Hope BA will soon be sorted out and return to previous health
Smegma From , joined Dec 1969, posts, RR:
Reply 6, posted (16 years 1 month 3 weeks 4 days 22 hours ago) and read 2588 times:
While I agree that the Ayling years have been somewhat checkered, you cannot blame all the BA's problems on its erstwhile CEO.
--Asian economic crisis
--New competition on the North Atlantic as American carriers shifted their planes from the Pacific to the Atlantic,
--Emergence of Easyjet, Ryanair making it near impossible to garner a profit in Europe
--Go (low cost BA subsidiary) failing to make inroads on Haji-Ianou-Stergiou and his billionaire daddy
--World Tails were actually an original and popular concept that was put death by British
Ayling's plan of cutting back capacity actually made good financial sense. The 757's that are going are some of the oldest in service--the 32X trash will probably be more popular with pax in the long run.
I don't think BA are going to make any changes from Ayling's business plan. They will continue cutting capacity, continue replacing shorthaul with Airbus a/c, and press on with the 4-class cabin.
Ayling probably faced immense pressure by shareholders to resign in wake of the 60,000,000 GBP loss--that is the real reason he has "resigned".
Eg777er From United Kingdom, joined Feb 2000, 1844 posts, RR: 14
Reply 7, posted (16 years 1 month 3 weeks 4 days 19 hours ago) and read 2573 times:
With regards to VS taking over BA, Branson did comment that he would put in a bid if the shares went below 260p on the FTSE - but with the shares rising 15% as a result of Aylings resignation, don't look for that happening any time soon!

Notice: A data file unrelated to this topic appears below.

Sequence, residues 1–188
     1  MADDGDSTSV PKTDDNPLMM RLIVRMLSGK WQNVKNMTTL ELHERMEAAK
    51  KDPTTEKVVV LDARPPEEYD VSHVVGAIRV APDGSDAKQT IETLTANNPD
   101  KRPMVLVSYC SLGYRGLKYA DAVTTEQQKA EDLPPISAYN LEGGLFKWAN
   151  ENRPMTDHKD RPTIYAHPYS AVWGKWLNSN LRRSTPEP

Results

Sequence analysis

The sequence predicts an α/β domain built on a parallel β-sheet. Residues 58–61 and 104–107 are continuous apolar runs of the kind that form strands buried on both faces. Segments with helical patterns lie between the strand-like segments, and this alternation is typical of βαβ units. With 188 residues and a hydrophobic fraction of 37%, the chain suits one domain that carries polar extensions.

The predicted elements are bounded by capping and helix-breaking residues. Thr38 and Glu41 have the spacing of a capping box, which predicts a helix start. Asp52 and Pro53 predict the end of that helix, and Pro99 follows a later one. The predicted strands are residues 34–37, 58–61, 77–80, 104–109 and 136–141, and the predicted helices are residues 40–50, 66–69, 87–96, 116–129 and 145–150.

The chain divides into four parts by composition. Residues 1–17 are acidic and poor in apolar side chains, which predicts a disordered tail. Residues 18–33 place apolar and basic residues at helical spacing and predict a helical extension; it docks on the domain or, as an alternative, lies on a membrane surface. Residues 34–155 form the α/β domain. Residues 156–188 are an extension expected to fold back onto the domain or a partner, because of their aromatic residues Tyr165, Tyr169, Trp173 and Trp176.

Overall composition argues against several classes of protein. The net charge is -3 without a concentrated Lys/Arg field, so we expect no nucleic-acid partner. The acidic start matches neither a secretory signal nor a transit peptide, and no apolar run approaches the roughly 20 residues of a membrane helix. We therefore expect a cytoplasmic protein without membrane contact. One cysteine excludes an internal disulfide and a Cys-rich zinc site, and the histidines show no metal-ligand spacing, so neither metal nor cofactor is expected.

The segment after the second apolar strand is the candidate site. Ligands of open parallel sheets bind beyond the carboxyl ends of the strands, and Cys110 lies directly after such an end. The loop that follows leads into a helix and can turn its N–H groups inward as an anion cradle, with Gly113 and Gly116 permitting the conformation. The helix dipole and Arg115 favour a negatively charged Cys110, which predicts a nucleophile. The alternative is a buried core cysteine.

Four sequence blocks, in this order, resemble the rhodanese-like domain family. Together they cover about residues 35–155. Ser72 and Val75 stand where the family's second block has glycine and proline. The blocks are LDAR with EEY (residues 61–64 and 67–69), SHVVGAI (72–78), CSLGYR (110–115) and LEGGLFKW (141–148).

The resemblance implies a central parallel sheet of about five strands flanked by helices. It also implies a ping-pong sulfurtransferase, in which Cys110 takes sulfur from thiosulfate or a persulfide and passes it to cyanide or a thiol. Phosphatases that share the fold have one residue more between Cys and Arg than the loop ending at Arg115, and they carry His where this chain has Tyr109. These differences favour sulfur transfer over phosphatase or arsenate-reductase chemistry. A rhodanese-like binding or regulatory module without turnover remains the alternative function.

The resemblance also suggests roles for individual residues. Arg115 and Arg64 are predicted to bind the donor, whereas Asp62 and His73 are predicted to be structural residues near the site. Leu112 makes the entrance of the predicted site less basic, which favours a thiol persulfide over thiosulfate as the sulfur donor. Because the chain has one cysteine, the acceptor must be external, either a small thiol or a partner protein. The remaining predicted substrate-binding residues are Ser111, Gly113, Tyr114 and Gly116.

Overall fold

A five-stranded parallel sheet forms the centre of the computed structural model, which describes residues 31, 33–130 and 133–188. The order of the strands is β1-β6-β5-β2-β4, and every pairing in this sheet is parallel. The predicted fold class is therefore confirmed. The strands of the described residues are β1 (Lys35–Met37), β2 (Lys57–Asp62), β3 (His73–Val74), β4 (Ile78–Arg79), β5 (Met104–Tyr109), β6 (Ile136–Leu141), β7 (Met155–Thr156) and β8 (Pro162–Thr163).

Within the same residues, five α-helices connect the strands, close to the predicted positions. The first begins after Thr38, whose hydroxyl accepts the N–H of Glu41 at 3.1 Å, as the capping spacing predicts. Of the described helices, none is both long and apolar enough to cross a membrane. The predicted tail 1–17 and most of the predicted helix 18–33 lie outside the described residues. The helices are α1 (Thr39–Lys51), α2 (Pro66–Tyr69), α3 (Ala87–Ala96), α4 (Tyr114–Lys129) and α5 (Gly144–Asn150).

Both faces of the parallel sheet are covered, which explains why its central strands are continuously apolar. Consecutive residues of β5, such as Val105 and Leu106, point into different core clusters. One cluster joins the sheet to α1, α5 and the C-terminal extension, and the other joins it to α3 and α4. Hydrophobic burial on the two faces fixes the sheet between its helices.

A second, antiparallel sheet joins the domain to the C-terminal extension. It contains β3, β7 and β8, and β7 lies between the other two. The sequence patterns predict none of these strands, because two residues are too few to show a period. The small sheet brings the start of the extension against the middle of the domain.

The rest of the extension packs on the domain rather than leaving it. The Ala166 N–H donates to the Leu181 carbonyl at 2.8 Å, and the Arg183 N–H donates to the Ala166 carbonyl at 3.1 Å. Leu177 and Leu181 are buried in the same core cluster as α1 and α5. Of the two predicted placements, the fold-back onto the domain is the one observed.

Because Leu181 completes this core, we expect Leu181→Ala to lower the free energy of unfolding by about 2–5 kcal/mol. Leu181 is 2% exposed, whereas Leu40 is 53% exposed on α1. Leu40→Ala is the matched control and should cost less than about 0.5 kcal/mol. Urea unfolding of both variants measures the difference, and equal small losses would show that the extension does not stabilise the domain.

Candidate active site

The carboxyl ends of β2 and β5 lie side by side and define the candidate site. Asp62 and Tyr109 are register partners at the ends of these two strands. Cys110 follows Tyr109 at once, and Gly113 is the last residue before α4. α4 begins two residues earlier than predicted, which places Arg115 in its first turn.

Trident From United Kingdom, joined Feb 2000, 484 posts, RR: 0
Reply 8, posted (16 years 1 month 3 weeks 4 days 19 hours ago) and read 2575 times:
AT LONG LAST!!!!
I know quite a few people who work in BA (both cabin staff and engineering) I can assure you that morale took a total pounding under his tenure. One thing BA staff have been for a long time is extemely proud of BA, its financial achievements and reputation for excellence. In his short spell in charge he managed to undermine this "espirit de corps" totally.
Not all British people were against the World Image idea. I was roundly criticised by some of my work colleagues for objecting to the change. I felt at the time of its introduction that it was a sure sign that the management had lost its hold on reality. I've worked in the commercial world for 24 years and know the importance of brand image (ask Coca Cola or McDonalds). BA had an immensely strong brand image which almost overnight was destroyed by Ayling and his team. I know also that the Queen was very upset that the coat of arms, which she had bestowed on the airline in 1984 in recognition of its achievements, was thrown out in the change to World Image.
The latest example of this "warped" view of marketing is BA's attempts to lure the "high profit" type of passenger and reduce seating for "normal" economy passsengers. On BBC Radio 5 a few nights ago, the marketing manager of Ryanair was interviewed. He said that any business that tried to expand by REDUCING its customer potential base must be mad.
For the moment, Colin Marshall is taking control of the helm. Maybe sanity will return.